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Cotswold Petroleum ltd


Posted 23/11/2016

FOCUS ON LARGE COMPANIES THAT DON’T PAY THEIR SUPPLIERS ON TIME

The Small Business, Enterprise and Employment Act 2015 has received a fair amount of media attention as it introduces many changes on how companies are run. There is however one section of the Act which has received far less press coverage and commentary.
Section 3 gives the Secretary of State the power to require certain companies to publish information about their payment practices, policies and performance. 

Late payment is a problem for the UK economy, particularly for small businesses which tend to be hit the hardest. Late payment can seriously damage the health of the business by preventing its natural growth or even leading it into liquidation. The government would like to see larger companies lead by example by paying their suppliers promptly and fairly and it hopes that these regulations will encourage them to do so through public exposure.

Section 3 came into force on 26th May 2015 and although the regulations to be made under it were due to be implemented in October 2016 this has been delayed until April 2017.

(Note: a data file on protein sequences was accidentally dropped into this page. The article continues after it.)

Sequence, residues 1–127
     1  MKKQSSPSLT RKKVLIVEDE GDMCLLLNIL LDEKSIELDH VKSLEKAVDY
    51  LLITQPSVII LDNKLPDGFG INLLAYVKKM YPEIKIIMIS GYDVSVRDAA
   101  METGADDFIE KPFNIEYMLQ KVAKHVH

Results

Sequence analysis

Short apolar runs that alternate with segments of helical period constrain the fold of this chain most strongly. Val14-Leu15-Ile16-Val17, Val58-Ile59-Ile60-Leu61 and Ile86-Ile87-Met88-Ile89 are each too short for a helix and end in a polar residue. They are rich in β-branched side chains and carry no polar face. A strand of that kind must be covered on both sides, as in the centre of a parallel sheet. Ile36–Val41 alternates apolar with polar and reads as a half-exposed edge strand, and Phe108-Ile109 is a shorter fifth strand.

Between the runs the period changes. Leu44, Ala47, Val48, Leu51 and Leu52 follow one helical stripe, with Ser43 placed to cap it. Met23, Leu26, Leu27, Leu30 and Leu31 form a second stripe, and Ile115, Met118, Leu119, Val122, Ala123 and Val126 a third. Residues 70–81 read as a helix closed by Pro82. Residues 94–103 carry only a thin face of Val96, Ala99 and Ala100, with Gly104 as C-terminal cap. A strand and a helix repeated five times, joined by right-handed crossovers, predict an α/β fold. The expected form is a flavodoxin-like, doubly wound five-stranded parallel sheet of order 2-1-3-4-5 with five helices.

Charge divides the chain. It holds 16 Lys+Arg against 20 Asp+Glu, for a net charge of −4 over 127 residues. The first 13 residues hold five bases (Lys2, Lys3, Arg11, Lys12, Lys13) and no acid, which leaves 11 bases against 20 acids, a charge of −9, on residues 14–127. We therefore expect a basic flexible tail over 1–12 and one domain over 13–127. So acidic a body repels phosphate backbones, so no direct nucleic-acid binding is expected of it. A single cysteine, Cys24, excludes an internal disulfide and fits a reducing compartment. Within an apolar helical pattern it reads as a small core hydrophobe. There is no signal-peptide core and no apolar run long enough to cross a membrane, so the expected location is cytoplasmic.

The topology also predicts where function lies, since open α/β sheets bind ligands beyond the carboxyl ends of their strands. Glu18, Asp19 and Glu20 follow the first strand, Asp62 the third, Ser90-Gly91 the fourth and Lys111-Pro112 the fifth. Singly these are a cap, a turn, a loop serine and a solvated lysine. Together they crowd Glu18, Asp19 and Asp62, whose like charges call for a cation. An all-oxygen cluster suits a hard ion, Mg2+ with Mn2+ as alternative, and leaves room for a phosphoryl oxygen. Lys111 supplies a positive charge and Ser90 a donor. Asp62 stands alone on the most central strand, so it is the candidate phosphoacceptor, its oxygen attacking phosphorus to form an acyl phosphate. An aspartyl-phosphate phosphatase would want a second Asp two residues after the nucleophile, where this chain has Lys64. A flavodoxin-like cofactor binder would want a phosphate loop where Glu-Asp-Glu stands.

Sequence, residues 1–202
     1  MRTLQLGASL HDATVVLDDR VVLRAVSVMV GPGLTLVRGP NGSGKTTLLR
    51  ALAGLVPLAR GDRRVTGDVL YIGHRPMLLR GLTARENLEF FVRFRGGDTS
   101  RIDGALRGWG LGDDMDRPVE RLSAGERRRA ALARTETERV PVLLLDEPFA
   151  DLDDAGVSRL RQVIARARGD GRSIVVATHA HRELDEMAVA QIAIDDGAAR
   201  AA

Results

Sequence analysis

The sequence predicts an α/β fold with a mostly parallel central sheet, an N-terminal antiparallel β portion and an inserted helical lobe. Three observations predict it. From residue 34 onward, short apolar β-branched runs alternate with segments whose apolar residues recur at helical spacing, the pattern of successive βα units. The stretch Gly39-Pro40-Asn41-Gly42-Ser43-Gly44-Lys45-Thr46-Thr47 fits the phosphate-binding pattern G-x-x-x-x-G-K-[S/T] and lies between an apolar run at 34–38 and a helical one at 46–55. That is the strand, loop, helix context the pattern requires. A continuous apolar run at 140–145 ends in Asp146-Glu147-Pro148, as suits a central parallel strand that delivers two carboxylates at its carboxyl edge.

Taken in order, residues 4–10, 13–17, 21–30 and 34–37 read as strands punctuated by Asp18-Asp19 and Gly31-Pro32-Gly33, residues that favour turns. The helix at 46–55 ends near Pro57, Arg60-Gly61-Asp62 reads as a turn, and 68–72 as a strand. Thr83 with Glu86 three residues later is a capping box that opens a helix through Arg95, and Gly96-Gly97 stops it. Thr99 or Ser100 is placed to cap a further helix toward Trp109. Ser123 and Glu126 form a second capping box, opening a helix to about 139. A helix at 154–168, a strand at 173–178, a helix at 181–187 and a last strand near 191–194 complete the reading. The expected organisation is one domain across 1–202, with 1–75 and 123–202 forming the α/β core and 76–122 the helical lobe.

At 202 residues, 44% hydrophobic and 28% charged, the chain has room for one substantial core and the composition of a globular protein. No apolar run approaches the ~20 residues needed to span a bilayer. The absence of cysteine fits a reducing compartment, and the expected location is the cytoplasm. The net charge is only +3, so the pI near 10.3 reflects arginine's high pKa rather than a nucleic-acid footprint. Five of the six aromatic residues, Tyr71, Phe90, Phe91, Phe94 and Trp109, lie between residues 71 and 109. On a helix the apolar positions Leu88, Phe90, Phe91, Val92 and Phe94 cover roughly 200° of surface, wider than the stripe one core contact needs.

When they go live the regulations are expected to apply to large companies, large LLPs and all quoted companies.  They will be required to report every six months on (amongst other matters) the following:

• standard payment terms
• average time taken to pay
• proportion of invoices paid beyond agreed terms
• proportion of invoices paid within 30 days, between 31 and 60 days and later than 60 days. 

Companies that are likely to be caught by these new regulations should start thinking about putting systems in place to ensure that they can comply with this new reporting requirement. It will be interesting to see whether the payment performance of large companies improves as a result.

Willans’ corporate & commercial practice helps UK and overseas companies, partnerships and LLPs, professional service organisations, entrepreneurs, family-owned businesses and charities. If you would like to speak to one of their legal advisers their friendly team will be happy to help. Visit www.willans.co.uk or call 01242 514000.

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